As always, consider no ice to be safe and check ice thickness regularly as you move about. A good ice chisel or spud bar is a must for poking at the ice as you move along. Four inches of ice is the recommended minimum for foot travel, so leave the four wheelers and sleds in the garage until a uniform six to eight inches of ice is present. Be cautious and never travel alone when on early ice.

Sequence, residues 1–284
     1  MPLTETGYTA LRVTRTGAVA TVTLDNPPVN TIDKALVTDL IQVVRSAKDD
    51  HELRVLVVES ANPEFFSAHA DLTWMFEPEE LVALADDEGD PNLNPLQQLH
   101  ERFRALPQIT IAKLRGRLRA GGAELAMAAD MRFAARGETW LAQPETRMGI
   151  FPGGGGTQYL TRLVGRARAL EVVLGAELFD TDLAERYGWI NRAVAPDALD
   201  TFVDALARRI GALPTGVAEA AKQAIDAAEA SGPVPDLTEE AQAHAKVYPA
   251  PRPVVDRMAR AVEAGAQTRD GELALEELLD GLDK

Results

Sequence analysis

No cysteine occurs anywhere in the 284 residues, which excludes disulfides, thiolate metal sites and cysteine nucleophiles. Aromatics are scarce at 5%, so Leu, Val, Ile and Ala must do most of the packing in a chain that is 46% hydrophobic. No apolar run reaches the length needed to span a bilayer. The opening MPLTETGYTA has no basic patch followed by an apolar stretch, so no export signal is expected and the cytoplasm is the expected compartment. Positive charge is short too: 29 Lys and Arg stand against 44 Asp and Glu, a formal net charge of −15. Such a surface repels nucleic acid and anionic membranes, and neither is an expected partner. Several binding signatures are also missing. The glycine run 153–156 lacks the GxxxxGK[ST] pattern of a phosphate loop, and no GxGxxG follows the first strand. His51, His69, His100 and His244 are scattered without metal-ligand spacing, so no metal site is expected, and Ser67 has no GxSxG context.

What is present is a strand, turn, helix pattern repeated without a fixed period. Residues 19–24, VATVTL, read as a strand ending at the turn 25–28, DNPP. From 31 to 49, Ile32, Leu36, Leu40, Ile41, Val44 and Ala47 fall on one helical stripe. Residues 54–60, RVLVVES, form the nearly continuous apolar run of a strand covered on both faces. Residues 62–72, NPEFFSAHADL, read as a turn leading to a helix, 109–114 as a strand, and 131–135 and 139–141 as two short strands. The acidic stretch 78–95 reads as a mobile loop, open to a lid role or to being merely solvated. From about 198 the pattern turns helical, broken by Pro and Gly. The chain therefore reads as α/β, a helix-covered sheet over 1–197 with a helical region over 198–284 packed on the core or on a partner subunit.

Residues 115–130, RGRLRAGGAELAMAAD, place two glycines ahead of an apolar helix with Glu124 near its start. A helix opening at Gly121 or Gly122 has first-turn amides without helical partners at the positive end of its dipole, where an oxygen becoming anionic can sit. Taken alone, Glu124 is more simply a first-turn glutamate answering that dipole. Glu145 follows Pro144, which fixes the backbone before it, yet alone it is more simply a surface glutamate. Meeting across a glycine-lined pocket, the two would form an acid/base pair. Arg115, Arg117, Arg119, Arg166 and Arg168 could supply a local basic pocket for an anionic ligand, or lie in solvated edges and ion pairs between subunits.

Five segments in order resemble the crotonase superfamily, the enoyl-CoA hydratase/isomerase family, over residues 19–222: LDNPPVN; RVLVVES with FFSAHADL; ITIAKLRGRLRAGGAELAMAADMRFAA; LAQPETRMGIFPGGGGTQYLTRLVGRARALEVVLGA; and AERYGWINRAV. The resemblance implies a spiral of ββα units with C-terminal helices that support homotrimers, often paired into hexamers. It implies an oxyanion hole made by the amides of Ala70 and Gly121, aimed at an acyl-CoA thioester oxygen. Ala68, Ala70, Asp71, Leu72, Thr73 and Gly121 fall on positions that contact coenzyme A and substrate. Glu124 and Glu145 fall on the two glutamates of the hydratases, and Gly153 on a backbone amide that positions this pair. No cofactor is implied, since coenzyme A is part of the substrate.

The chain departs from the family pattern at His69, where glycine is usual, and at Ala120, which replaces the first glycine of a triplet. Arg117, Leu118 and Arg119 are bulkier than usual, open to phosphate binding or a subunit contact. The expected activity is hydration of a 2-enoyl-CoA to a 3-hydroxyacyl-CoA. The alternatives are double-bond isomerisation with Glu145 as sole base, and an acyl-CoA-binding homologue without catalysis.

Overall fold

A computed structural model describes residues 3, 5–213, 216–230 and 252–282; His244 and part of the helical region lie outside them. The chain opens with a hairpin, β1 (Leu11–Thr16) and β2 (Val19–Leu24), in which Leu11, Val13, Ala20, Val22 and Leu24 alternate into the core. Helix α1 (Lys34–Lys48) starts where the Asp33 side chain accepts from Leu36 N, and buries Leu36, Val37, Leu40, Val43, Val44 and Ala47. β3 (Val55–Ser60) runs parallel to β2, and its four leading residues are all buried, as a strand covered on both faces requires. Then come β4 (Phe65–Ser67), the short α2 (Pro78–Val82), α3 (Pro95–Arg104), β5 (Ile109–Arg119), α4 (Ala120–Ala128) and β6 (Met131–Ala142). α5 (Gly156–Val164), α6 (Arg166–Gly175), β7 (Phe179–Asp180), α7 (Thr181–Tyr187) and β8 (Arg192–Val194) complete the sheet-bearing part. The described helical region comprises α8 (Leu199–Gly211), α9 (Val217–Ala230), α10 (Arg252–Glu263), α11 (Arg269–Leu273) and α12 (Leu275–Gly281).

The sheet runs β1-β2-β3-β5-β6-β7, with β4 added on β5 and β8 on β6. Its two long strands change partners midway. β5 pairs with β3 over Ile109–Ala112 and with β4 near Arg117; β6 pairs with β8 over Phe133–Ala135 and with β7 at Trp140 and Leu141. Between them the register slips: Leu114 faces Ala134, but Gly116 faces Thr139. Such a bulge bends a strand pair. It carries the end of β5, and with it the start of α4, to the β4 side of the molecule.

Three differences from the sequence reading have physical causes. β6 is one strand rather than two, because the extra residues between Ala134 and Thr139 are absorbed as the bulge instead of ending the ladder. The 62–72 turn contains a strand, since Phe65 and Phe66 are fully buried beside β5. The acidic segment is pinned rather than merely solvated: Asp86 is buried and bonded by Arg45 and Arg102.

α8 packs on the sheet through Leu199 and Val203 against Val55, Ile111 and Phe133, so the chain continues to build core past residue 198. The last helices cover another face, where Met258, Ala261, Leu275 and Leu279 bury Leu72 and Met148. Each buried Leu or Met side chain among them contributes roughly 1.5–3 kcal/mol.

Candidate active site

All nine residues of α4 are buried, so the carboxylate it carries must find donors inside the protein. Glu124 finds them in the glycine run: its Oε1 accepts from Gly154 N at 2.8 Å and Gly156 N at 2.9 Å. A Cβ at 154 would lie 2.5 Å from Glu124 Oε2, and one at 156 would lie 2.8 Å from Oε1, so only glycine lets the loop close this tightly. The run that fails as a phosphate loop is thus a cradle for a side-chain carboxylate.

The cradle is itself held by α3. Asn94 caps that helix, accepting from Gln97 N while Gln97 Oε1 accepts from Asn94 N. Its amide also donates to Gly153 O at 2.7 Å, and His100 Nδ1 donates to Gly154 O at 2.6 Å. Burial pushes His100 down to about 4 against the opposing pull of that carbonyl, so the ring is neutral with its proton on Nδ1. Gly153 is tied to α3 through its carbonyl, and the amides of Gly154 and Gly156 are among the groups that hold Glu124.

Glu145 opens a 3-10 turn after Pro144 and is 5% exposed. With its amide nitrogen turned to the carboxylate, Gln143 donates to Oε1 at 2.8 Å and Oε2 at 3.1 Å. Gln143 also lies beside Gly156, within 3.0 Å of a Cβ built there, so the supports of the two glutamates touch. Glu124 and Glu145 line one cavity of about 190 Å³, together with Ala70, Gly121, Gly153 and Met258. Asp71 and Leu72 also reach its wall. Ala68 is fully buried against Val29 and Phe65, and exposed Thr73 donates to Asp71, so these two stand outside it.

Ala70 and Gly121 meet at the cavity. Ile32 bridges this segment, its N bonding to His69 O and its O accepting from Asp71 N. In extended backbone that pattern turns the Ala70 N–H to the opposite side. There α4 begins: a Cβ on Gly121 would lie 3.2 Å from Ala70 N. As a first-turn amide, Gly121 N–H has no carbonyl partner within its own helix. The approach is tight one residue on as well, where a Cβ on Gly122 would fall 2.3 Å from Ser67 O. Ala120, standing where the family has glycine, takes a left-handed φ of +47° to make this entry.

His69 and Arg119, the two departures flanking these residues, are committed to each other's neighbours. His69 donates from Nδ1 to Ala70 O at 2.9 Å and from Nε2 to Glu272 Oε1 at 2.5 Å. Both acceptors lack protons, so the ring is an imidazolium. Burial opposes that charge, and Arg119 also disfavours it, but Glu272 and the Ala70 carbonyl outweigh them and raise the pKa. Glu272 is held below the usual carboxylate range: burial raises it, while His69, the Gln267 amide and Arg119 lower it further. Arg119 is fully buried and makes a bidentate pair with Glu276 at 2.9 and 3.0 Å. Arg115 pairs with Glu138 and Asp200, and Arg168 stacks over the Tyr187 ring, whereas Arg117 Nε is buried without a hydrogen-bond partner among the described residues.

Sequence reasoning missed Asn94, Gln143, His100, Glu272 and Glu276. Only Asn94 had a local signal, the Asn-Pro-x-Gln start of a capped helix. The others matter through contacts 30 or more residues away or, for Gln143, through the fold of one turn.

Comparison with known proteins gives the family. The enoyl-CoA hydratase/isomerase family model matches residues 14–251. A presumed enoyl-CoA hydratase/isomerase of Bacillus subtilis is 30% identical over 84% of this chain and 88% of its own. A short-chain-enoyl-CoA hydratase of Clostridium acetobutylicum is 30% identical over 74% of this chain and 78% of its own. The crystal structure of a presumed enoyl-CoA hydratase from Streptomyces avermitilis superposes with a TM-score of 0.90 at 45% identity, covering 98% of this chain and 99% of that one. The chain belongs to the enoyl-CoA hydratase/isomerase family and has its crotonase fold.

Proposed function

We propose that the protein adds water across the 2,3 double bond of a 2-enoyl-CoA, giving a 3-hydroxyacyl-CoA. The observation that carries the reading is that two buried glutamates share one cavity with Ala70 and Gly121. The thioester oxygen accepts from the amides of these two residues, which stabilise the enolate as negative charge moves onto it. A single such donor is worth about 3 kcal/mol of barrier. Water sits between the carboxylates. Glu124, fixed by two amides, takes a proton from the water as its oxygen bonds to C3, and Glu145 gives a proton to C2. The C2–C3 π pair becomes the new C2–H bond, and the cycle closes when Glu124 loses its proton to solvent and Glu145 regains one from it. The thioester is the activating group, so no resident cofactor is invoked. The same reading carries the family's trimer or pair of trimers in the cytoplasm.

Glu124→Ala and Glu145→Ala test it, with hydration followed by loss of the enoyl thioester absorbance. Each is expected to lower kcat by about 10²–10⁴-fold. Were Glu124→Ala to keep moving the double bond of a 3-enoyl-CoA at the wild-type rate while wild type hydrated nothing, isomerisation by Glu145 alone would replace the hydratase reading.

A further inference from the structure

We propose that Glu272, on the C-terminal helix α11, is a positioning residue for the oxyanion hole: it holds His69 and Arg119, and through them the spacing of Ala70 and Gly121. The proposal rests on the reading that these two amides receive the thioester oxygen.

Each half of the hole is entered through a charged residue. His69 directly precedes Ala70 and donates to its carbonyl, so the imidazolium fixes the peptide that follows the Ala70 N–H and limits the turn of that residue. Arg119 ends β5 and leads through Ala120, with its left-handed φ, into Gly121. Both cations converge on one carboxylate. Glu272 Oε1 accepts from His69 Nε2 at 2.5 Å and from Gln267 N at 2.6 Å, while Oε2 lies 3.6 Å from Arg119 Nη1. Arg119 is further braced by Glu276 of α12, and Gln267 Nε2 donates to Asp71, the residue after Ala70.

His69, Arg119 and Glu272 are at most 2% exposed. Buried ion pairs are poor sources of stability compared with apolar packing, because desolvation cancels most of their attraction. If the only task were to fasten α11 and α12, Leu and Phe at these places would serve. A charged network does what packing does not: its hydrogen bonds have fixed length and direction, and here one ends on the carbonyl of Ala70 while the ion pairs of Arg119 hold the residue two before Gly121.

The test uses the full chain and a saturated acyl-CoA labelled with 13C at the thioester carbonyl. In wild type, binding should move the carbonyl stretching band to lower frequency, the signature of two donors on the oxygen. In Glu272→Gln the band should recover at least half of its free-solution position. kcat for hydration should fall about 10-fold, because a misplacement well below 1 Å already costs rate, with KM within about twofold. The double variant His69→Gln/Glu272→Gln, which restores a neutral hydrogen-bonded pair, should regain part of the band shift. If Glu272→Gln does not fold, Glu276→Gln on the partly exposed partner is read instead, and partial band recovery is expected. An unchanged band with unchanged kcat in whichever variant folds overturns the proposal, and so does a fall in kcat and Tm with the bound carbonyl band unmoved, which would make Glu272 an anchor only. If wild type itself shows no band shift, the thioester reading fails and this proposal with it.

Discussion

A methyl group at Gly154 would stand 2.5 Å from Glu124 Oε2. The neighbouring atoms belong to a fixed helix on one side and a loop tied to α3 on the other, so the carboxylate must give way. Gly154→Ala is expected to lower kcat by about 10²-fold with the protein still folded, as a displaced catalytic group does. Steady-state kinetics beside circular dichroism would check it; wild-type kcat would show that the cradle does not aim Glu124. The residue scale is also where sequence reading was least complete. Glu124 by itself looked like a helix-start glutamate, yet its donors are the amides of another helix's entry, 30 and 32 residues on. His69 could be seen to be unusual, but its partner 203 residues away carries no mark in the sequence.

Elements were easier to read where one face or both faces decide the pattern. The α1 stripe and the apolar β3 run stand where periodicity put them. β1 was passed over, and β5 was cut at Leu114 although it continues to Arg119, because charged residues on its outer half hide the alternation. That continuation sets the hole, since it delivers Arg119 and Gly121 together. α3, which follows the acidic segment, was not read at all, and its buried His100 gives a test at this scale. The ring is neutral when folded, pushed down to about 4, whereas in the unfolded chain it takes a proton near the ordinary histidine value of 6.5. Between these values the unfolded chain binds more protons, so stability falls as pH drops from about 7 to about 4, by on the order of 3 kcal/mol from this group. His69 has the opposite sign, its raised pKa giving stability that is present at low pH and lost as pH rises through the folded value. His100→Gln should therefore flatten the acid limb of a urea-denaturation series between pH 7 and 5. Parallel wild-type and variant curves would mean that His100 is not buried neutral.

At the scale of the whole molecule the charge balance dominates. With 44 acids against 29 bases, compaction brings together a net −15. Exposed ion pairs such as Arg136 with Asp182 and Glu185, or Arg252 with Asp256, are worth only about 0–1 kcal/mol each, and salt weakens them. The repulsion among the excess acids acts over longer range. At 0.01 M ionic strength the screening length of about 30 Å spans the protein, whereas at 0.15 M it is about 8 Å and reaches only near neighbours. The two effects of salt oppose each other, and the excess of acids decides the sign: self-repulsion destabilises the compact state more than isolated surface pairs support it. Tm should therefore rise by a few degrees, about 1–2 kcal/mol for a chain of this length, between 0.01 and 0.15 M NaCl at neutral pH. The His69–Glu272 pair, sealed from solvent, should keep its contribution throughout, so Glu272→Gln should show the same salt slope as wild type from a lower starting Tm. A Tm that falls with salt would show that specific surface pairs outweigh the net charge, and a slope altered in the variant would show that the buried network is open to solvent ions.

Ice conditions remain less than desirable for this time of year, however there are still some folks pushing their luck and heading out on the smaller lakes and shallow bays. Those who have ventured out report moderate success with northern pike and panfish, so to them it's well worth the risk. We, however, do not recommend going out without a high level of awareness and all of the safety gear required for these conditions. There's safety in numbers, so it's best not to travel out alone, and even then, let someone know where you're heading and what time you expect to return. Safety cleats, ice picks, long spud bar or chisel, long length or rope and most importantly, a life jacket. The life jacket can be replaced these days with a couple of more comfortable options. Recently more and more anglers are using the inflatable suspenders that can be worn comfortably under your outer wear and automatically inflate when submerged, or can be inflated manually. Another great option is the flotation suit. Several manufacturers are entering the market which is bringing the cost of a good cold weather suit that has flotation built right in. Where just a few years ago these suits cost over a thousand dollars, now they're on the market for just a few hundred. A small price to pay for something that can and will save your life.